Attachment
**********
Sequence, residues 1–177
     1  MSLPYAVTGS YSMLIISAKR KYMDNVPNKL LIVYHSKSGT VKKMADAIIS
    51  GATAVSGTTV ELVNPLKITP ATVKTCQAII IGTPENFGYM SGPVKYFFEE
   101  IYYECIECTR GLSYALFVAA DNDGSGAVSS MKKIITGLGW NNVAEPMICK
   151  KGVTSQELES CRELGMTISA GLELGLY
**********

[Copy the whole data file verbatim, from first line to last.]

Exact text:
Sequence, residues 1–177
     1  MSLPYAVTGS YSMLIISAKR KYMDNVPNKL LIVYHSKSGT VKKMADAIIS
    51  GATAVSGTTV ELVNPLKITP ATVKTCQAII IGTPENFGYM SGPVKYFFEE
   101  IYYECIECTR GLSYALFVAA DNDGSGAVSS MKKIITGLGW NNVAEPMICK
   151  KGVTSQELES CRELGMTISA GLELGLY